Experimental Suggestions and Predictions
This section is perhaps the most important one. Far too much of modern sociobiology has been concerned with highly abstract (and suspect) theoretical reasoning unbuttressed by empirical evidence. Fortunately, the general predictions made in this paper should be fairly easy to confirm or contradict experimentally.
(1) Among most higher organisms there should be a loose inverse correlation between litter size and inbreeding aversion. In particular, very strong incest barriers should exist in species possessing the following characteristics: (a) an average litter size of one; (b) intelligence high enough for individual recognition to be possible; and (c) small family-groupings in which siblings remain together for at least several years and must be prevented from developing future sexual attachments. (Animals living in large herds or with very little sibling contact should exhibit weaker incest aversion, since the randomizing mating pattern would largely negate the risk of incest.) Prime candidates for high incest barriers would include elephants, bears, higher primates, and man.
(2) The net reproductive value of domestic feline and canine litters resulting from incest should be close to the net reproductive value of normal litters. This could easily be determined by very simple controlled breeding experiments.
(3) In general, it might be very enlightening to attempt to determine the nature of the effective reproductive value functions for canine, feline, and other species by removing selected numbers of offspring from normal litters and then recording the average number of remaining offspring that successfully reach maturity. It may be possible to establish some relation between these species-specific functions and general ecological or taxonomical characteristics.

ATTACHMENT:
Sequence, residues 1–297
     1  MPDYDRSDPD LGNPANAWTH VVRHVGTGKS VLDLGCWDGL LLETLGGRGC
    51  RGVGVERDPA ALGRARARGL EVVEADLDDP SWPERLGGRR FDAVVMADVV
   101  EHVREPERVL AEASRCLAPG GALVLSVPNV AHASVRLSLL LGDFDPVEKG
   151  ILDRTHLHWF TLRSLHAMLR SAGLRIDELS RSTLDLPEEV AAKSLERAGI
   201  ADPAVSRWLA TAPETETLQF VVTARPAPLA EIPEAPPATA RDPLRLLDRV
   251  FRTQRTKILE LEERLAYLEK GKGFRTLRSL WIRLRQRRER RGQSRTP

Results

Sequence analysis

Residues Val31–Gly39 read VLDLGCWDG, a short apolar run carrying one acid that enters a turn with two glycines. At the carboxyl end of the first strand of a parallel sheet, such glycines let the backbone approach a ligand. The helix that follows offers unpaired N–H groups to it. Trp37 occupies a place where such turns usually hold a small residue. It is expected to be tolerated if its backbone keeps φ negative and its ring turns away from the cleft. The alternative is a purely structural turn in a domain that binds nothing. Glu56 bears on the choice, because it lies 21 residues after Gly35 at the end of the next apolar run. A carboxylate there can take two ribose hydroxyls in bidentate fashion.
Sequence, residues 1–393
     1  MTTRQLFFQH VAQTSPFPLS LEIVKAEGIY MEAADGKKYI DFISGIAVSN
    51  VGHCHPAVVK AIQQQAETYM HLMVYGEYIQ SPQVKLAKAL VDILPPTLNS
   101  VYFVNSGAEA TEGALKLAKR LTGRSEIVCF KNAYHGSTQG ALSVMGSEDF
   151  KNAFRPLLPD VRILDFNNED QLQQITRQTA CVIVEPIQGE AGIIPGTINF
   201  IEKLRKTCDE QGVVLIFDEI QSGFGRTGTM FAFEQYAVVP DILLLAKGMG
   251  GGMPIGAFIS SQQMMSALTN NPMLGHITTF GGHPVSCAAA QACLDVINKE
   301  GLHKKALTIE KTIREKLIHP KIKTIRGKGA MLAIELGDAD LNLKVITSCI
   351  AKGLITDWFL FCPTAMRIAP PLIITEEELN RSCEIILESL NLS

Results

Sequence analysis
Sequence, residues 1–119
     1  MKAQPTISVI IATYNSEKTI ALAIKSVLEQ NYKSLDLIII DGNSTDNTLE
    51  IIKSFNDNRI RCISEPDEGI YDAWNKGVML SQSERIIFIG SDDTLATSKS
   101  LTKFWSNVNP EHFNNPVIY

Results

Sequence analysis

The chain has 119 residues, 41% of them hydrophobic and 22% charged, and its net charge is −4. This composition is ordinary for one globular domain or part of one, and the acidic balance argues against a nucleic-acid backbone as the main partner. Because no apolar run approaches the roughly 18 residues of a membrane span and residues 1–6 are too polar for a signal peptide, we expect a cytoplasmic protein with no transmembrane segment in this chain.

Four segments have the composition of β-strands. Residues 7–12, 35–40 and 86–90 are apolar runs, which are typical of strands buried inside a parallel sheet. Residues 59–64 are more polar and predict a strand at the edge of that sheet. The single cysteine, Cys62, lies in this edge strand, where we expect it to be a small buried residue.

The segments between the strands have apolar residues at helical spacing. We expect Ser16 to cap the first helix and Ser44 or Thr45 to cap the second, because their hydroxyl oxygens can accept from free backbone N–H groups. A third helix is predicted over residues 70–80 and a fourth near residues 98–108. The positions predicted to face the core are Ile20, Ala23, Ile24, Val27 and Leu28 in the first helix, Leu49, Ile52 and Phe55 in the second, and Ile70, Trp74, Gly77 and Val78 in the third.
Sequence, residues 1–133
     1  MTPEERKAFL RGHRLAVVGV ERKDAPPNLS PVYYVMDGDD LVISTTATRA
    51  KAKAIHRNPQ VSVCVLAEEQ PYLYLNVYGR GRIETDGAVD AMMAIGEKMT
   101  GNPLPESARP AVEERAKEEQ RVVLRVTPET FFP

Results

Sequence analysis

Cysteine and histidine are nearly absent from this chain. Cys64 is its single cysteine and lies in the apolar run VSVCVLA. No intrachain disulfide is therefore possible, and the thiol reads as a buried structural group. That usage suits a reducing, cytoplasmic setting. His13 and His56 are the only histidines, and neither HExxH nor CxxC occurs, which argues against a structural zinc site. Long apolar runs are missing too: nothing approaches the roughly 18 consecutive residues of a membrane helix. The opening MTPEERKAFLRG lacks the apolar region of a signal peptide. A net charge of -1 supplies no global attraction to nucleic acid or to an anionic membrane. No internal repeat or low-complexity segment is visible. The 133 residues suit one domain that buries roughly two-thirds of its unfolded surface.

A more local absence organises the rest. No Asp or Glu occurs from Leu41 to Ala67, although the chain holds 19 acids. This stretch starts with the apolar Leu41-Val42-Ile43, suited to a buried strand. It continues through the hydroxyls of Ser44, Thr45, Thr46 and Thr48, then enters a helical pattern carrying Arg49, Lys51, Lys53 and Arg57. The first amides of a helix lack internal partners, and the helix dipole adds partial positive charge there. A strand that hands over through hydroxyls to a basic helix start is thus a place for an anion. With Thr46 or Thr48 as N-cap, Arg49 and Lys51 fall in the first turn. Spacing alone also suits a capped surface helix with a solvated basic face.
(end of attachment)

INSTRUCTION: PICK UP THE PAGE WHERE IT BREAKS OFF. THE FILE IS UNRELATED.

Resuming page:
The prediction of an inverse relationship between incest barrier strength and litter size, if confirmed by experimental data, should further establish the usefulness of the sociobiological analysis of animal behavior. Furthermore, the determination of species-specific effective reproductive value (ERV) functions might open new and interesting lines of sociobiological research.
M. Daly and M. Wilson, Sex, Evolution, and Behavior, 1978.
Dobzhansky, Mankind Evolving, 1962.
S. Fuchs, “Optimality of Parental Investment,” in Behavioral Ecology and Sociobiology, pp. 39-51, 1982.
D. Lack, The Natural Regulation of Animal Numbers, 1954.
E.O. Wilson, Sociolobiology, 1975.
E.O. Wilson and C.J. Lumsden, Genes, Mind, and Culture, 1981.
 For a discussion of the harms of inbreeding and a survey of the literature, cf. Dobzhansky (1962) 146-150; Wilson (1975) 78-80.
 For a discussion of this phenomenon, cf. Wilson and Lumsden (1981) 138-141.
 This whole issue is thoroughly discussed in Lack (1954); Daly and Wilson (1978) 26-29 contains a good summary of the argument and a survey of the literature.
 Cf. Lack (1954); Daly and Wilson (1978) 26-29; Fuchs (1982).
 Daly and Wilson (1978) 28.
 Daly and Wilson (1978) 29.
 Lack (1954) 46.
 Fuchs (1982) 40-43.
 In tropical regions, the heterozygous sickle-cell state is substantially superior to the normal state because it provides a degree of protection from malaria. Cf. Dobzhansky (1962) 152.
 Cf. Wilson (1975) 78.
 Cf. Wilson (1975) 79.
 Fuchs (1982) 49.